Example 2: Smaller Distributor Saves Over $600,000 per Year
Another example is from a smaller distributor that provides industrial equipment and supplies to customers domestically and internationally. Their shipment profile is approximately 85% parcel and 15% freight. They had automated their outbound parcel shipping process years ago. However, as their customer base increased, and the number of products they carried expanded, their supply base grew and their inbound transportation became more complex. Their suppliers are a mix of small specialty suppliers, as well as sophisticated global manufacturers. Additionally, they instituted a drop shipment program to better serve their customers. The challenge was the distributor did not have good control and visibility of their inbound or the drop shipment orders. As a result, they needed dedicated staff to call, and follow up with suppliers and carriers to ensure orders were flowing smoothly. If they missed a milestone, they had to expedite and pay additional freight, or worse, miss a customer deadline, and be subject to penalties. To eliminate these costs and associated risks, they implemented a TMS to better manage their inbound parcel and LTL shipments. By providing a portal to suppliers they increased contract compliance and achieved 100% visibility, including their supplier drop shipment orders. Furthermore, they could re-deploy their expediting staff on more value-added activities, which enabled them to save over $600,000 per year.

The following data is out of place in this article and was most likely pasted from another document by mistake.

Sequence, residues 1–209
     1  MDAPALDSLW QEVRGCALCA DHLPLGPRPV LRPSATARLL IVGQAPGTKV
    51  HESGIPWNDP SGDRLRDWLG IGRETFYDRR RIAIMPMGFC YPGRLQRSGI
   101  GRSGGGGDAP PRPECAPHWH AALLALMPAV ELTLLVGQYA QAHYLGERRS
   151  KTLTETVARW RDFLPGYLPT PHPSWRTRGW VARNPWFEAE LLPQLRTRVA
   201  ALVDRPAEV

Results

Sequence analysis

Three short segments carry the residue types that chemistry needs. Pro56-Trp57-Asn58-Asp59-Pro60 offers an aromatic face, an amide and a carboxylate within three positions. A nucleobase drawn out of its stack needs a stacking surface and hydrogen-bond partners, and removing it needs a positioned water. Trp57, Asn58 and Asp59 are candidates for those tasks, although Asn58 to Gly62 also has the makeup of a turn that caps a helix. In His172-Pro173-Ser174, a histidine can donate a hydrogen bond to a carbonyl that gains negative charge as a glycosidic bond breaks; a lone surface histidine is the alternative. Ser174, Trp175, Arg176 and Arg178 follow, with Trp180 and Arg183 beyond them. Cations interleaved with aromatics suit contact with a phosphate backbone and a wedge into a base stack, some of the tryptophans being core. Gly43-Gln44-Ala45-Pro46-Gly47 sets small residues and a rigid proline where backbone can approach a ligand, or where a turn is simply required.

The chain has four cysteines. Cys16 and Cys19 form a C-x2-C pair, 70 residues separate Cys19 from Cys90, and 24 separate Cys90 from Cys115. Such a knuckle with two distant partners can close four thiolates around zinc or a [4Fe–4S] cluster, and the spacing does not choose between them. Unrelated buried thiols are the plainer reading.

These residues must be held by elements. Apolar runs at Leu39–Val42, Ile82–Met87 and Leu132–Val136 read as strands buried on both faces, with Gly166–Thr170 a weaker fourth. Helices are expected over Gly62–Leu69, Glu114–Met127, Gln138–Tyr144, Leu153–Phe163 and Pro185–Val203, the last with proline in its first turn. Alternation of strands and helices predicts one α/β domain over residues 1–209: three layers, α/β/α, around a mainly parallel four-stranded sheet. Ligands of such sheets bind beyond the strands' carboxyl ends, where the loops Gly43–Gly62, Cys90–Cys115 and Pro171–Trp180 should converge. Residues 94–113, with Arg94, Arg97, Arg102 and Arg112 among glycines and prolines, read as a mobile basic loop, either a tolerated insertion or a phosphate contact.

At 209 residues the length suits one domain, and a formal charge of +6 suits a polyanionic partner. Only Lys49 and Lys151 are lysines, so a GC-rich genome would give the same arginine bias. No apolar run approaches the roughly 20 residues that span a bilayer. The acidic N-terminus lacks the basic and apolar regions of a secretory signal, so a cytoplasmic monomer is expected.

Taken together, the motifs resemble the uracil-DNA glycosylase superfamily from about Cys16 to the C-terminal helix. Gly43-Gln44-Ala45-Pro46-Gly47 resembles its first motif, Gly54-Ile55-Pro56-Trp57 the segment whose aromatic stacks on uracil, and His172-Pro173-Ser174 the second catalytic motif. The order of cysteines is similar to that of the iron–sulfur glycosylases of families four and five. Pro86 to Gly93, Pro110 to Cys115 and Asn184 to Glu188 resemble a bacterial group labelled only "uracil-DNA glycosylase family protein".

What Steps Are Required to Develop a Plan and Realize Cost Savings for Inbound Shipments?
To develop the plan and realize the potential cost savings and take control of your inbound freight, start with some basic steps
- Consolidate and review your inbound shipping volumes. This sounds easier than it is, as the information may be distributed across multiple systems/locations and for freight that is vendor managed actual freight costs are not readily available.
- Reach out to the broader supply chain and buying organizations. Often there is no single group that owns suppliers or logistics costs, it is split between purchasing, transportation, and operations, etc.